Recent Posts From cSw in the News
It was the middle of July 2020. The world was gripped in the throes of...
On Thursday, July 25th, Curious Science Writers visited the National Institutes of Health (NIH) headquarters in Bethesda, Maryland to learn about cutting-edge research from scientists themselves and to understand the role that animals play.
cSw staffers joined hundreds of New Jersey high school girls at Rutgers to explore pathways to STEM careers in the biological sciences.
cSw’s First Joint Webinar Explores STEM, Technology and Enterprise Development. A post-webinar report from moderator Akila Saravanan.
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“Alligator pie, alligator pie, If I don’t get some I think I’m gonna die.” Sound far-fetched? Based on new research from George Mason University, this rhyme from Dennis Lee’s children’s book, “Alligator Pie,” may not be so far from the truth. Learn how the American alligator is fighting infection, one peptide at a time.
Scientists from Boston Children’s Hospital are investigating a gene therapy treatment to treat Usher syndrome, a genetic condition that causes deafness and blindness.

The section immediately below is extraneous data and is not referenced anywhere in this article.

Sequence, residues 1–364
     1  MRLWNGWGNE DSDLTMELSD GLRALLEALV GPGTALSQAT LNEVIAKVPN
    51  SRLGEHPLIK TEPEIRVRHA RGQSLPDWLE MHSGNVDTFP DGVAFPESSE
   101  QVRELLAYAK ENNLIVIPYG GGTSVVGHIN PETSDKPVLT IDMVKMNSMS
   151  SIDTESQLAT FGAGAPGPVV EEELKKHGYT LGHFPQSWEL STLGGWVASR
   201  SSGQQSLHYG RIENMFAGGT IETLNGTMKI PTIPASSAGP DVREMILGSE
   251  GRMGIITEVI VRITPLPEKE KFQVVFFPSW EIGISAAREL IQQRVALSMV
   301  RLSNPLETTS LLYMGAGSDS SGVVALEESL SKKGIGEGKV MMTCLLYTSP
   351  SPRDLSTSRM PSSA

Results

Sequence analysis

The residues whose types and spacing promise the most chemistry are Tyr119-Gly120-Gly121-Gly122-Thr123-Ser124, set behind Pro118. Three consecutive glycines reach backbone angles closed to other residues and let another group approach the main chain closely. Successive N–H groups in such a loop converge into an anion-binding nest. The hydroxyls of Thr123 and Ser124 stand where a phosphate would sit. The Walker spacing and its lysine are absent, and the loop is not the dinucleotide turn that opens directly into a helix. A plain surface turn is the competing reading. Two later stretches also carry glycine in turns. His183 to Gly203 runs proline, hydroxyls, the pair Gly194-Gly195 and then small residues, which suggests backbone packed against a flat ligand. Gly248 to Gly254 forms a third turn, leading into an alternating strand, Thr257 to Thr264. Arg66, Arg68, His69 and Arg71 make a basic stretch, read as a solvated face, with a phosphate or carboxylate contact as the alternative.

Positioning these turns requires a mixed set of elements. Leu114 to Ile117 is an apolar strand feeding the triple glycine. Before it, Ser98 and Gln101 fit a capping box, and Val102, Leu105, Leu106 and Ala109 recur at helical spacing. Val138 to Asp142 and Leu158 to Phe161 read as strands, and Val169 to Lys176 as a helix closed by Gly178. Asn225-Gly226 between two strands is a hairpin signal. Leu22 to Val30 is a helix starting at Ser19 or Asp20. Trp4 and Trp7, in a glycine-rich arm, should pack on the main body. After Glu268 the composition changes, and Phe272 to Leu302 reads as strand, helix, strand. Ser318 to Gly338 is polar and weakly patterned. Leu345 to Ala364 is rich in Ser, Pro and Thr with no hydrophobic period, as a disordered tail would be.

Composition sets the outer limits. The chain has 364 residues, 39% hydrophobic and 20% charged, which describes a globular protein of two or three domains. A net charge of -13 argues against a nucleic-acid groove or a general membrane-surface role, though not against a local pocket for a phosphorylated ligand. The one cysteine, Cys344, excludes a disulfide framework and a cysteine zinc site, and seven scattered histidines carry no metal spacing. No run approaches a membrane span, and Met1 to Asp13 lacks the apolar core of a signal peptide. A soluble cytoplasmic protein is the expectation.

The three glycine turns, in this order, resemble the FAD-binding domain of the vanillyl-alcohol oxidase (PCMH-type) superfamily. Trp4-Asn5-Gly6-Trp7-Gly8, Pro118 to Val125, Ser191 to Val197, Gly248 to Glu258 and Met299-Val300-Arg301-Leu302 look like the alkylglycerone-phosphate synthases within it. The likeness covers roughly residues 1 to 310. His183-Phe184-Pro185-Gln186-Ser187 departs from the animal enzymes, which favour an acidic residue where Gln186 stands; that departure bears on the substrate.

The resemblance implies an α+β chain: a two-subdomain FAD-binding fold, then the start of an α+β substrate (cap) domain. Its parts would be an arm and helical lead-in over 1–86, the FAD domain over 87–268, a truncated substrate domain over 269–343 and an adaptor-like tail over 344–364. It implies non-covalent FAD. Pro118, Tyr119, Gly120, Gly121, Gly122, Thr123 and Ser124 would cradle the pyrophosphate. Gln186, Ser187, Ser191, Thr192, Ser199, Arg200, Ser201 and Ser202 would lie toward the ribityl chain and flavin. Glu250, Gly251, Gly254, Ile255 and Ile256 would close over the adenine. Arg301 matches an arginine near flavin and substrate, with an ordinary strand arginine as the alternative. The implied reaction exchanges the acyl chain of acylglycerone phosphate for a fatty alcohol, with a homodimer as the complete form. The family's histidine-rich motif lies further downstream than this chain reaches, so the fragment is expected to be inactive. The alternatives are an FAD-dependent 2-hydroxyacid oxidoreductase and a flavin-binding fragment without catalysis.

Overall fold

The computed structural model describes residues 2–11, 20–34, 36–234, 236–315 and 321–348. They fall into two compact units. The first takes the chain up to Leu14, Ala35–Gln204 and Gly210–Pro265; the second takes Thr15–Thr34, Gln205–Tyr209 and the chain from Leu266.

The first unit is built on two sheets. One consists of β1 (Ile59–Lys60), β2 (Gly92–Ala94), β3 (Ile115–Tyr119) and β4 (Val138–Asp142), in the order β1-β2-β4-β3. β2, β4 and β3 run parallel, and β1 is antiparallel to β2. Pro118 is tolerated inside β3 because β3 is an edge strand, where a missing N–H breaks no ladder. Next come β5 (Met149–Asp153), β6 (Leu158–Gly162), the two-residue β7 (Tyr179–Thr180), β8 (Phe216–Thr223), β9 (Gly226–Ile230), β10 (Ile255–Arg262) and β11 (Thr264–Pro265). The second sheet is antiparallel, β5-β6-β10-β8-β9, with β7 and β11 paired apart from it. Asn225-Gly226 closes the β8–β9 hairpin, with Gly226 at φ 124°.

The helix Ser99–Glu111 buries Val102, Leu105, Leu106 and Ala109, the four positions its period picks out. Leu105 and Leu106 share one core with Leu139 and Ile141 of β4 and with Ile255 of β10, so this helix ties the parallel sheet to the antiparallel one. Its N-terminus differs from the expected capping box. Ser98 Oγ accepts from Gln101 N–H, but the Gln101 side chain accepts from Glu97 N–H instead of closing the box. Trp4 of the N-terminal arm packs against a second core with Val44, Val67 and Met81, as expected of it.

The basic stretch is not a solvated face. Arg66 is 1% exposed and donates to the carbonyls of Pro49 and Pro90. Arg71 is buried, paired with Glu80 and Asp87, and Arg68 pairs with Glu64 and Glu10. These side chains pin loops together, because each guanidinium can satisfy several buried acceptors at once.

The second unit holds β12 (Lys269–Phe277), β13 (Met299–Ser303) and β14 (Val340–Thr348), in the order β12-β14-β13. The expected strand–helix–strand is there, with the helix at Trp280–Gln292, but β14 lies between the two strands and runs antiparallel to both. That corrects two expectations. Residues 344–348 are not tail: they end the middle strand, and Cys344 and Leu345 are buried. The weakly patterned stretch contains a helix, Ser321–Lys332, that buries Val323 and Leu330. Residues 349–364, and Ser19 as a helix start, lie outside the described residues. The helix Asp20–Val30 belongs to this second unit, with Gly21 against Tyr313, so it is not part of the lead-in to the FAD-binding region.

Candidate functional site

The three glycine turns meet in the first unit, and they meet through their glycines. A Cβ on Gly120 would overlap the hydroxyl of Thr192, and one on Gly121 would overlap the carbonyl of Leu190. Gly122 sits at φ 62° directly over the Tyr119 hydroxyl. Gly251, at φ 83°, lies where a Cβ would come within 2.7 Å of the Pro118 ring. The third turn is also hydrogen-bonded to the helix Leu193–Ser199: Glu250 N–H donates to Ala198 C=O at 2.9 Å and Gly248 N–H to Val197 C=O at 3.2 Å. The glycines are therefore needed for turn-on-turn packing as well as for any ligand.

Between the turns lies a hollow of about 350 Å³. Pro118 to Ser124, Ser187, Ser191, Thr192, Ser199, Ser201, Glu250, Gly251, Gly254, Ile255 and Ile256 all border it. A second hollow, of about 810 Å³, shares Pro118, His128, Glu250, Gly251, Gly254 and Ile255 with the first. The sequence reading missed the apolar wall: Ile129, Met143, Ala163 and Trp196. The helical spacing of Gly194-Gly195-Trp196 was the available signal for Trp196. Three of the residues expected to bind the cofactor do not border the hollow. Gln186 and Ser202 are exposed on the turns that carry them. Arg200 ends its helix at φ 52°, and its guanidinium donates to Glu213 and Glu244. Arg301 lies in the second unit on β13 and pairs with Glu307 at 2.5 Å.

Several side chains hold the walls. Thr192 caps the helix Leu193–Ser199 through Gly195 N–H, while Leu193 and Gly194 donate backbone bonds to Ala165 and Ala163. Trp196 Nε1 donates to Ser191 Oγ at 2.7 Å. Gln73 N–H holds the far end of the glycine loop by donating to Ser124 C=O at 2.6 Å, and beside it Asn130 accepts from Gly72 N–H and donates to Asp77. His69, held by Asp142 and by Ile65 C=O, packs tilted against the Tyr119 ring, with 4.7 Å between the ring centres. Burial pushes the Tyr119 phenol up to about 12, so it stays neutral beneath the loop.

Noise-Induced Hearing Loss is largely responsible for irreversible hearing damage. NIHL can be caused by a one-time exposure to a loud sound or continued exposure to high-decibel noises. Researchers at the University of Iowa are now turning to the common fruit fly to study and combat NIHL in humans. The fruit fly is the ideal animal model because the molecular structure of its ear is more similar to humans than that of rats or guinea pigs, meaning tests on fruit flies yield more accurate results.
Many elderly people suffer from osteoporosis, the significant bone loss that can increase the risk of fracture. This disease affects more than 10 million Americans and is the underlying cause behind 1.5 million fractures every year. Rather than develop osteoporosis, black bears’ bodies have made evolutionary adjustments to prevent bone loss during disuse and a team of research scientists have been investigating the secret behind the integrity of bears’ bones.
Characterized in film and media as ferocious and malicious creatures, sharks ignite our basic survival instincts: kill or be killed. However, antibodies in the blood of these ocean carnivores could lead to a new treatment for breast cancer, the second most commonly diagnosed cancer in women in the United States.